I have learned to not say “everyone,” because I detest broad brush strokes. However, It would seem that much of the church in America has bought into the delusion that somehow the government can fix the morass that has been caused by our wicked and sinful hearts. Somehow, the next election is going to get us back on course. It's a fool’s dream.
I am certainly not pointing fingers. I have no right because I am fighting an internal warfare of my own as I observe how easily I am dragged into the fighting. I realize that like so many others, I am in danger of becoming hopelessly entangled with the culture.
If a lifeguard allows himself to become entangled with the arms of a drowning man they will both drown.
Our culture is drowning; drowning in its own sea of humanism, drowning in the false belief that mankind can redeem itself, drowning in an ocean of pride and arrogance and rebellion against God. As our nation sinks into the depths of its own perversity, each of us must take care that we are not entangled with civil affairs to the point that we are dragged under with a drowning culture. I demonstrated to myself just within the last day, how easy it is to get sucked into a worldly mindset; to think like the world, to react like the world, to respond like the world, to sound just like the world because I am so entangled with the world.
Paul warned the Corinthian church to “come out from among them, and be ye separate, saith the Lord,” (2 Corinthians 6:17). We should not disengage from the world. We cannot hide in a spiritual cocoon, cutting ourselves off in a position of self-protection so as not to get any dirt on us. There is a spiritual warfare in which we must engage because eternity for so many lives are in the balance.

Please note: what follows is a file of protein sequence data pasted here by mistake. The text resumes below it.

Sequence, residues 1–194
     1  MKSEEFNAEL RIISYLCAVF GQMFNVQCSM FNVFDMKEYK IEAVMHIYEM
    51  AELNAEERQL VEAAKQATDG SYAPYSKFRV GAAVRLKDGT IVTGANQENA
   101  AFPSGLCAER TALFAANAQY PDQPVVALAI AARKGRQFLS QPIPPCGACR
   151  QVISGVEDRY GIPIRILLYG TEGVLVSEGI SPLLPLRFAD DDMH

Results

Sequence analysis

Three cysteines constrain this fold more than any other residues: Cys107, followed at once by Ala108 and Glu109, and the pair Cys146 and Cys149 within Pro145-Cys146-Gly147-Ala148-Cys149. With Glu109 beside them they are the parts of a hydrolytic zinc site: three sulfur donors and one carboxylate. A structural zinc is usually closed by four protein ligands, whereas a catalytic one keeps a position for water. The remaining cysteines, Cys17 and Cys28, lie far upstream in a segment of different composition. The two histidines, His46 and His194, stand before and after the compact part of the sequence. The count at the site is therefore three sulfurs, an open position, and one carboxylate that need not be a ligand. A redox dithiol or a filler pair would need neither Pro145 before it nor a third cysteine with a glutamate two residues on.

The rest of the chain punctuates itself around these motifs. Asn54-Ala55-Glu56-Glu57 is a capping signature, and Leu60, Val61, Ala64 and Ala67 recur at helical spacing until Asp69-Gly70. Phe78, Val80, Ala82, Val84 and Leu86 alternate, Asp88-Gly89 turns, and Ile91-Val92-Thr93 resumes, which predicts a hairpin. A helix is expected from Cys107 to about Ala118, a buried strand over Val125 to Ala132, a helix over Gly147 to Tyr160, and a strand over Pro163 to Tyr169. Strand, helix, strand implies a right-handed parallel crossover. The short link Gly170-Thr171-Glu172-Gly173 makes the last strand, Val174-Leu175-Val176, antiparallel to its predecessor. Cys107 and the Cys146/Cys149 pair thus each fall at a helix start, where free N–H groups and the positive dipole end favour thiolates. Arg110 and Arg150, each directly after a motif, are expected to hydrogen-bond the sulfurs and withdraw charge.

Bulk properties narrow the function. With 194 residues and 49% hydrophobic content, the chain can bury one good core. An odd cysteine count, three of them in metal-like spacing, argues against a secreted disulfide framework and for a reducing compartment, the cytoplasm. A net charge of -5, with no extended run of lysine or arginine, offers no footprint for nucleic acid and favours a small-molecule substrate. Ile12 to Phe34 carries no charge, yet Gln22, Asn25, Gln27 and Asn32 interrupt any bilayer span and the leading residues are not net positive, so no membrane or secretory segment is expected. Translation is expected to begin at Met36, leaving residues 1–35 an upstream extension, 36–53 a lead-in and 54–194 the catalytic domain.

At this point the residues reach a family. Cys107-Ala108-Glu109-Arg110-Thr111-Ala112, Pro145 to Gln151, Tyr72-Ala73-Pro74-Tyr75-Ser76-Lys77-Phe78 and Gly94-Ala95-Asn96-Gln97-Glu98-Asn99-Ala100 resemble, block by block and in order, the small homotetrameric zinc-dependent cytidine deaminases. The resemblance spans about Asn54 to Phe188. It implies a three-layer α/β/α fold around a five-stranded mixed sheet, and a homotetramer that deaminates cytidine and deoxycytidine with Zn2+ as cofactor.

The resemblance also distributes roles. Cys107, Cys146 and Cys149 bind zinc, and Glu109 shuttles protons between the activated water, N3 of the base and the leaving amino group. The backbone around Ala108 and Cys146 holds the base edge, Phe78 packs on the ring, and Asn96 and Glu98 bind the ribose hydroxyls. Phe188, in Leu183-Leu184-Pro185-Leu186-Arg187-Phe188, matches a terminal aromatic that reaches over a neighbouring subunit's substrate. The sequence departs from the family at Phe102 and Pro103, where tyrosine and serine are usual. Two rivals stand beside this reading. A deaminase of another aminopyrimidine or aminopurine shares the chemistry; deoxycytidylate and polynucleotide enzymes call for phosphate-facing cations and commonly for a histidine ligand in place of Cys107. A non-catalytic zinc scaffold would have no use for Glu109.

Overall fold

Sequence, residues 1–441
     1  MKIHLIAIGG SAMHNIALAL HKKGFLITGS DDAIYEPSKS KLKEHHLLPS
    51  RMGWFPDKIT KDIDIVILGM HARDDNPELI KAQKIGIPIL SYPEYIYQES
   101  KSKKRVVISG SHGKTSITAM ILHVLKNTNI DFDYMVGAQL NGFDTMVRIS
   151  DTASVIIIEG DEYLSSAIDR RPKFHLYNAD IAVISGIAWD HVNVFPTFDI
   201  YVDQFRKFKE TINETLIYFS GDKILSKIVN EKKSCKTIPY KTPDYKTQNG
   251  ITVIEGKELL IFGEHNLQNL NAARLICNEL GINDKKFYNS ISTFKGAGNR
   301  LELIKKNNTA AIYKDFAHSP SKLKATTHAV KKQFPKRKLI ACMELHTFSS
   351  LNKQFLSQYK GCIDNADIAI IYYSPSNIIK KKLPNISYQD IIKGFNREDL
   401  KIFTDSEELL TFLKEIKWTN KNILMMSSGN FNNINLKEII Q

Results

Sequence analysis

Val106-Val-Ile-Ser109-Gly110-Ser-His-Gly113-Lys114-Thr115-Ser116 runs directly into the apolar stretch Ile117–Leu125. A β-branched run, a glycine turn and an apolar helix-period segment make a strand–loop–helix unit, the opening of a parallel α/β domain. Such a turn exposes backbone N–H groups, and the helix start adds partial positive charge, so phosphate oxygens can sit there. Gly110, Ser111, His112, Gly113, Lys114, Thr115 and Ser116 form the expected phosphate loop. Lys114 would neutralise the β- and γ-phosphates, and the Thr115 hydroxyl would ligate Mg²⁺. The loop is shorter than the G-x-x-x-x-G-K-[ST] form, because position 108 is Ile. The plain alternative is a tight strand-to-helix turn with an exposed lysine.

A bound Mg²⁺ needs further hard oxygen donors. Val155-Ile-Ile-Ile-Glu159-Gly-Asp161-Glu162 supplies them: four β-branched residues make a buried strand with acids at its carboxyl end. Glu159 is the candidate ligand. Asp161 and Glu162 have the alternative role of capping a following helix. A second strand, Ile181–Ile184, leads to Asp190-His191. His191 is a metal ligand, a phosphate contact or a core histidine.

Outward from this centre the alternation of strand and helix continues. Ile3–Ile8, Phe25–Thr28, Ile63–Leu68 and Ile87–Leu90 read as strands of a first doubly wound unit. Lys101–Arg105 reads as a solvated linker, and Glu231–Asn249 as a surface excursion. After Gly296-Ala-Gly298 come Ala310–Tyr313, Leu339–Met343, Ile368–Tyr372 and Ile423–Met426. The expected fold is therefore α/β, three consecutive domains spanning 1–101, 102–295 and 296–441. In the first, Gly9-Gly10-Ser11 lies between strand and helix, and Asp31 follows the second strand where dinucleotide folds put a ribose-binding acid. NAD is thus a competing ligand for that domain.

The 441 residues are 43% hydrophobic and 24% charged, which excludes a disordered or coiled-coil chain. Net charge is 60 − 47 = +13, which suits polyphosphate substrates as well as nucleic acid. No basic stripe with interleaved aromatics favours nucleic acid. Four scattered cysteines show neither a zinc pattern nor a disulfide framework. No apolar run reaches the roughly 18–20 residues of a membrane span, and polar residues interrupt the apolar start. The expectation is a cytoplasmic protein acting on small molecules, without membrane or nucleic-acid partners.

Jesus said, “The Spirit of the Lord is upon me, because he hath anointed me to preach the gospel to the poor; he hath sent me to heal the brokenhearted, to preach deliverance to the captives, and recovering of sight to the blind, to set at liberty them that are bruised, to preach the acceptable year of the Lord.” (Luke 4:18-19) This is the great calling of the church, commissioned to us by the Lord of the Church. However, we must continually remind ourselves that in HIs High Priestly prayer of John 17 Jesus declared that we were “in the world but not of the world.”
I realize that this post and my previous post I AM AT WAR - WITH ME might suggest that I am engaged in some deep personal conflict. It's true. I am deeply conflicted and profoundly convicted regarding these matters. I am equally sure that there are others similarly conflicted which is why I have chosen after several weeks of silence, to expose myself so publicly. I have realized, much to my personal disappointment, that I find myself locked in the embrace of a drowning man (our culture) that threatens to destroy us both. If I am going to have any impact on broken and drowning men I must get free.